U.S. Current Account Keeps Showing Smaller Deficits
The U.S. current account aims to measure the nation's international trade balance, and it considers all goods, services and unilateral transfers each quarter. Today's report was a first-quarter measurement, so it should have little to no real impact on the markets. The trade deficit for the first quarter shared the same trend as the prior quarter by coming in lighter than expected at -$106.1 billion, versus the Bloomberg consensus reading of -$111.2 billion.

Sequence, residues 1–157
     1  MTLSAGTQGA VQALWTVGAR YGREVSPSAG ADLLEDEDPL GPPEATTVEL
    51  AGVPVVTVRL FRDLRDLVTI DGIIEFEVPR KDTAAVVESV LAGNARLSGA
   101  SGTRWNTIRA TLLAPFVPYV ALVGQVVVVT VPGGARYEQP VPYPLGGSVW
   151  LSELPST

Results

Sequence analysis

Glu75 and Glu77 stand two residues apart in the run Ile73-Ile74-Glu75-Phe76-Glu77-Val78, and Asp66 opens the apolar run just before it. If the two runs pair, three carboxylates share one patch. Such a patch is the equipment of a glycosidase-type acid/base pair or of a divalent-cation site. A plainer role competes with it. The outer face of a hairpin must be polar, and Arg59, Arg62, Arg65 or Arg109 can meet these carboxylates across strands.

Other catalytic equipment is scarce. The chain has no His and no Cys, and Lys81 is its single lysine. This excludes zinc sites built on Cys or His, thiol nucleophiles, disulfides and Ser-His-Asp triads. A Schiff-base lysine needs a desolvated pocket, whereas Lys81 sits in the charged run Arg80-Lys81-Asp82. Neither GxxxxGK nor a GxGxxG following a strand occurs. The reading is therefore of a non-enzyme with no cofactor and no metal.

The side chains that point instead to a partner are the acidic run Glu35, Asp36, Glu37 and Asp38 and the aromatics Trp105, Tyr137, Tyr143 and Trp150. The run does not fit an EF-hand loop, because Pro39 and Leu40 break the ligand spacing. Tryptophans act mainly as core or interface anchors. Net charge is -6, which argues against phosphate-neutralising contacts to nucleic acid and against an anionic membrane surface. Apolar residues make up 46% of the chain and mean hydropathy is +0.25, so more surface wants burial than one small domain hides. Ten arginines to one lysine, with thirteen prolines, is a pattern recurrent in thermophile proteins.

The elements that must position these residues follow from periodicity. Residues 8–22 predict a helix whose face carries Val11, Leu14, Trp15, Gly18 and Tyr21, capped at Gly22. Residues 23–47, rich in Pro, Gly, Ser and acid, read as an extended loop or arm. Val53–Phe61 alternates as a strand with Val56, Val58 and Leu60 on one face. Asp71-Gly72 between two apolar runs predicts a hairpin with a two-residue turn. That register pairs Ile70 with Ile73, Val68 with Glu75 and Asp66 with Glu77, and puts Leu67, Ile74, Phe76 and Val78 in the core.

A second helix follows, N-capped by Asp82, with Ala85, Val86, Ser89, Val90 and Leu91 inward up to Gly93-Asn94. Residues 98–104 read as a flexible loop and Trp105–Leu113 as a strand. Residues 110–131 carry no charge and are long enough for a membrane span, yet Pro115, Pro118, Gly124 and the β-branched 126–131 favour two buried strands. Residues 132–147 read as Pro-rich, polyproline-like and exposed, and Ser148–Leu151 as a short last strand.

What economists will track is that the first quarter's -$106.1 billion was also lower than the -$110.4 billion report of the fourth quarter of 2012 and the -$112.5 billion in the third quarter of 2012.
The United States has run a trade deficit for so long that it is hard for investors to care. Long-term planners and economists care, but the long and short of the matter is that this has not moved the needle for stocks or bonds in longer than memory can serve.
Filed under: 24/7 Wall St. Wire, Economy Tagged: featured